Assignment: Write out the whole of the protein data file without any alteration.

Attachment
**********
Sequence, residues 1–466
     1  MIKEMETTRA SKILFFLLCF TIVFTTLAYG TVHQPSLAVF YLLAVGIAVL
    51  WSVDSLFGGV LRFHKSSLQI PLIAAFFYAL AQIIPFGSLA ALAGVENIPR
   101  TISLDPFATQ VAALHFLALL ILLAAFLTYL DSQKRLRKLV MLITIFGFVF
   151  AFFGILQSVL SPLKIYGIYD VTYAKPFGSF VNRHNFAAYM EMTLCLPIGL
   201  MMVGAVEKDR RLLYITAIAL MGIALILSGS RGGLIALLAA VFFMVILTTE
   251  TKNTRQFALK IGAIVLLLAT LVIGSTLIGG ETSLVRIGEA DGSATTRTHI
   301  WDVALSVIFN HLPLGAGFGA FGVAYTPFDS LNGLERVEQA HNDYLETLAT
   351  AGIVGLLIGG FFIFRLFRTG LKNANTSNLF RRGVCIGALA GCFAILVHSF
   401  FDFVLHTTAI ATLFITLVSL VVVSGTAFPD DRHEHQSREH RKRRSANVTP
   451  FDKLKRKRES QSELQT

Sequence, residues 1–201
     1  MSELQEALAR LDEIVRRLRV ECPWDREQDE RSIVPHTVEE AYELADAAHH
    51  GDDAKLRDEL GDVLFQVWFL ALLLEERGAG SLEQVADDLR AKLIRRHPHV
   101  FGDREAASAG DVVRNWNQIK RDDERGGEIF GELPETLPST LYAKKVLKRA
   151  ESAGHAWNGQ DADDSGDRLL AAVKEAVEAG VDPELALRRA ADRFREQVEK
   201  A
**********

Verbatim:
Sequence, residues 1–466
     1  MIKEMETTRA SKILFFLLCF TIVFTTLAYG TVHQPSLAVF YLLAVGIAVL
    51  WSVDSLFGGV LRFHKSSLQI PLIAAFFYAL AQIIPFGSLA ALAGVENIPR
   101  TISLDPFATQ VAALHFLALL ILLAAFLTYL DSQKRLRKLV MLITIFGFVF
   151  AFFGILQSVL SPLKIYGIYD VTYAKPFGSF VNRHNFAAYM EMTLCLPIGL
   201  MMVGAVEKDR RLLYITAIAL MGIALILSGS RGGLIALLAA VFFMVILTTE
   251  TKNTRQFALK IGAIVLLLAT LVIGSTLIGG ETSLVRIGEA DGSATTRTHI
   301  WDVALSVIFN HLPLGAGFGA FGVAYTPFDS LNGLERVEQA HNDYLETLAT
   351  AGIVGLLIGG FFIFRLFRTG LKNANTSNLF RRGVCIGALA GCFAILVHSF
   401  FDFVLHTTAI ATLFITLVSL VVVSGTAFPD DRHEHQSREH RKRRSANVTP
   451  FDKLKRKRES QSELQT

Sequence, residues 1–201
     1  MSELQEALAR LDEIVRRLRV ECPWDREQDE RSIVPHTVEE AYELADAAHH
    51  GDDAKLRDEL GDVLFQVWFL ALLLEERGAG SLEQVADDLR AKLIRRHPHV
   101  FGDREAASAG DVVRNWNQIK RDDERGGEIF GELPETLPST LYAKKVLKRA
   151  ESAGHAWNGQ DADDSGDRLL AAVKEAVEAG VDPELALRRA ADRFREQVEK
   201  A